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5/22/2013 2:00:00 PM
Miles Executives Explain Decision To Stop In Lieu Payments
By J.W. Oliver

Lincoln County Healthcare will not continue to make a $10,000 annual payment to Damariscotta in lieu of taxes on almost $30 million of exempt property.

Lincoln County Healthcare executives explained the nonprofit's decision at the May 17 meeting of the Damariscotta Board of Selectmen.

"I have a very strong philosophical bent against payments in lieu of taxes for a 501(c)(3) nonprofit organization," said Lincoln County Healthcare President and CEO Jim Donovan. "By the very nature of our organization, we have a charitable purpose."

"It's certainly not the amount of the [payment in lieu of taxes], which I know was $10,000 a year for many years, but it's what it represents that was our cause for the discontinuation of it well over a year ago," Donovan said.

"I will say, and with apologies, we did not communicate that well to the town at that time and that was our mistake," he said.

Damariscotta officials expressed disappointment about the decision upon discovering the $10,000 revenue loss in March, during the annual budget review process. The organization had been making the payments since the early 1990s.

A Lincoln County Healthcare spokesman, in response, said Lincoln County Healthcare remains the top taxpayer in Damariscotta and provides valuable charity care to Damariscotta residents.

Lincoln County Healthcare Chief Financial Officer Wayne Printy provided data on tax payments and charity care to the selectmen.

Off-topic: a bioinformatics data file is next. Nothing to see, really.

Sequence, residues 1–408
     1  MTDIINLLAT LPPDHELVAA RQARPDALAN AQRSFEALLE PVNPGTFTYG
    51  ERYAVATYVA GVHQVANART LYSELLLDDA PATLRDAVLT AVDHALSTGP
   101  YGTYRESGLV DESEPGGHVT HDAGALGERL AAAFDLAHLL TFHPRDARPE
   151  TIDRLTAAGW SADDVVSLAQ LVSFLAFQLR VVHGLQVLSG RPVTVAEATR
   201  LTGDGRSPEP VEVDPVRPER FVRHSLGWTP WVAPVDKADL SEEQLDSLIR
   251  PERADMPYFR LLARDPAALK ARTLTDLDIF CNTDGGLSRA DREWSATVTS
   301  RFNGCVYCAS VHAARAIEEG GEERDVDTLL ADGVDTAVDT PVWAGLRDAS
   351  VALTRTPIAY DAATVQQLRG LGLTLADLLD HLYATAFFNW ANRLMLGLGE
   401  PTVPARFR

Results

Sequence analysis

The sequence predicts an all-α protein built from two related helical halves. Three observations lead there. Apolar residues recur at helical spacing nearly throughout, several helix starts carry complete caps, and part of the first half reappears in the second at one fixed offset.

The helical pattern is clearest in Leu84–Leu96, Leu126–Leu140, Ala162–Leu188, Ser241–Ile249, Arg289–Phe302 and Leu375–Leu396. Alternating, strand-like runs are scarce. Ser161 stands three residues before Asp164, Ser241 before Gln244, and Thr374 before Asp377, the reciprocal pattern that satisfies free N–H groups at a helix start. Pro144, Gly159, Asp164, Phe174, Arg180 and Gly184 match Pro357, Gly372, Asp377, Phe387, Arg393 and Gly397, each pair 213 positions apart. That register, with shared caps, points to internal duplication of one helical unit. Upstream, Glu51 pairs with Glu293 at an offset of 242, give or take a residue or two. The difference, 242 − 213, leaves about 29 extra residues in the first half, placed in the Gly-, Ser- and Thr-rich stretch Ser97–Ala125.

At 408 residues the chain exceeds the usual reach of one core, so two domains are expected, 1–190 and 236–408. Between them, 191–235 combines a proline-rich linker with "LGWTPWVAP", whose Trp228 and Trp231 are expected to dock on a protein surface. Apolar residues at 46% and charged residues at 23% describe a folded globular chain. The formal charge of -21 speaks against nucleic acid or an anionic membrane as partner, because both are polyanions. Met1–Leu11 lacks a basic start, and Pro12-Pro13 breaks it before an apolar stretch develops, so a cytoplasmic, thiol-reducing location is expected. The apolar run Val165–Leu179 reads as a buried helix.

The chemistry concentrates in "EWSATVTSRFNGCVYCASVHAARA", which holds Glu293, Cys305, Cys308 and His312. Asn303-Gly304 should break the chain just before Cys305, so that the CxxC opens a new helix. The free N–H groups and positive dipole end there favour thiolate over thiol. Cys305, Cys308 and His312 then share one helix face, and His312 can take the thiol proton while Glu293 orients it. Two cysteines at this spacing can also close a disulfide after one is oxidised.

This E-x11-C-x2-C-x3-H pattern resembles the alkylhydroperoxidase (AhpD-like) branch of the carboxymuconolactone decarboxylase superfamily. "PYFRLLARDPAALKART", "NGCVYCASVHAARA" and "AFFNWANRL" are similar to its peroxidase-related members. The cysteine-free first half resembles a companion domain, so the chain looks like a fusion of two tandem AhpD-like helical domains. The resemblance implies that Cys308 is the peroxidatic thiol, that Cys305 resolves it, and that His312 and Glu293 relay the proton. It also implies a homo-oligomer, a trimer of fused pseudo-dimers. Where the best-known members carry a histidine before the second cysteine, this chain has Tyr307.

Lincoln County Healthcare pays $50,611.54 in property taxes on four office buildings and $14,012.76 in property taxes for three undeveloped properties. The organization indirectly pays another $10,053.50 for two rental properties.

Schooner Cove pays $83,211.14 in property taxes. "Although not directly paid by us, it wouldn't exist if not for the Miles organization ... that made that investment for the community," Printy said.

Lincoln County Healthcare also provided $119,955 in charity care to Damariscotta residents in fiscal year 2011, the most recent year for which data was available.

"We take care of all people, regardless of their ability to pay, and have from the beginning of our existence in the communities," Donovan said.

Lincoln County Healthcare also benefits the town as a major employer, with 770 full-time equivalent positions and a total of 1200 employees. About two-thirds of those employees work at the Miles campus, Donovan said.

The executives also talked about the challenges facing the health care industry in general and the local industry in particular.

"Nobody believes the percentage of health care as it relates to the gross national product of the nation is sustainable," Donovan said. "It's so out of whack with other countries."

The health care system is adapting to a new "accountable care" system wherein the government and insurance companies make a single payment to a health care organization in exchange for health care for a group of people.